In another aspect, the present invention provides compositions that include the compounds of the invention. The compositions include one or more compounds of the invention, optionally one or more additional therapeutic agents, and a lipophilic medium. In one embodiment, a tocopherol-modified therapeutic drug compound is dissolved in the lipophilic medium. Because of the lipophilic moiety, the compound has improved lipophilicity compared to the unmodified therapeutic drug compound. The lipophilic medium (or carrier) of the composition can be any one of a variety of lipophilic mediums including, for example, oils. In one embodiment, the lipophilic medium includes a tocopherol (e.g., α-tocopherol). Representative oils useful as the lipophilic medium include the following:

Fatty acids and esters thereof, including carboxylic acids of various chain lengths, mostly straight chain, but which could be branched, examples of which include capric, caprylic, caproic, lauric, myristic, stearic, oleic, linoleic, behenic, and as well as saturated or unsaturated fatty acids and esters;

Fatty acids esterified with glycerin to form mono-, di-, or triglycerides, which can be synthetic or derived from natural sources, including, but not limited to, for example, glycerides such as soybean oil, cottonseed oil, rapeseed oil, fish oil, castor oil, Capmul MCM, Captex 300, Miglyol 812, glyceryl monooleate, triacetin, acetylated monoglyceride, tristearin, glyceryl behenate, and diacetyl tartaric acid esters of monoglycerides;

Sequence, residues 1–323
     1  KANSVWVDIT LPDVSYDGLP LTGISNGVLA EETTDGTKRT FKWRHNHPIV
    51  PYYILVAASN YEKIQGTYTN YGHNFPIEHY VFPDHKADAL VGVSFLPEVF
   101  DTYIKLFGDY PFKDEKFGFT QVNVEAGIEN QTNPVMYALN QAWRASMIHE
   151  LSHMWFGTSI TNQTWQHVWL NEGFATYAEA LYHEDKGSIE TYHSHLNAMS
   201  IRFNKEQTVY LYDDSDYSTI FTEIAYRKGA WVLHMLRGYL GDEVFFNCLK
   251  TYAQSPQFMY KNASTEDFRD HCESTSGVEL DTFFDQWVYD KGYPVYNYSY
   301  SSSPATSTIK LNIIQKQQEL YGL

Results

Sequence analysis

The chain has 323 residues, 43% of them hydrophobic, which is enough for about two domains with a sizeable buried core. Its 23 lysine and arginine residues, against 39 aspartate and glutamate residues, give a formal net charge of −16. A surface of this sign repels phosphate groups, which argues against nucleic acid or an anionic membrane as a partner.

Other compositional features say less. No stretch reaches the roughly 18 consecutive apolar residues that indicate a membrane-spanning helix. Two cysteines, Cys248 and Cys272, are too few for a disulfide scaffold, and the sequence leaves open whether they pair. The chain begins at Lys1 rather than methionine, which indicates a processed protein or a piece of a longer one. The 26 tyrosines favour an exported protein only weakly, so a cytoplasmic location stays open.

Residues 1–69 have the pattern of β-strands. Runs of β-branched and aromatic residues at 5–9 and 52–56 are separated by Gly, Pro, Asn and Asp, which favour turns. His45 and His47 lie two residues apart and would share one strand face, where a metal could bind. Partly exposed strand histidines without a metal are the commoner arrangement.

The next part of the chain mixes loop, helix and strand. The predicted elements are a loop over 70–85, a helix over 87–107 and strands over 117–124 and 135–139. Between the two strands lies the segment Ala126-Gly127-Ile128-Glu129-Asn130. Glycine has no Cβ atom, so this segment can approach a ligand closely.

Glycerides conjugated to other moieties, such as polyethylene glycol (for example, Labrasol, Labrafac, Cremophor EL);

Phospholipids, either natural or synthetic, such as dimyristyl phosphatidylcholine, egg lecithin, and pegylated phospholipids;

Other fatty esters including fatty alcohols (myristyl myristate, isopropyl palmitate), or sugars (sorbitan monooleate, SPAN 80, Tween 80, sucrose laurate);

Fatty alcohols such as stearyl alcohol, lauryl alcohol, benzyl alcohol, or esters or ethers thereof, such as benzyl benzoate;

Fat-soluble vitamins and derivatives, for example, vitamin E (including all of the tocopherols and tocotrienols, and tocopherol and tocotrienol derivatives, such as vitamin E succinate, vitamin E acetate, and vitamin E succinate polyethylene glycol (TPGS)).

Organic co-solvents can also be used in the compositions, optionally in combination with water, including for example, ethanol, polyethylene glycol, propylene glycol, glycerol, N-methylpyrrolidone, and dimethyl sulfoxide.

The solubilities of two representative tocopherol-modified camptothecin compounds of the invention in several mediums are compared to camptothecin in Example 14.

In a further aspect, the invention provides emulsion, microemulsion, and micelle formulations that include a compound of the invention. Methods for making the emulsion, microemulsion, and micelle formulations are also provided.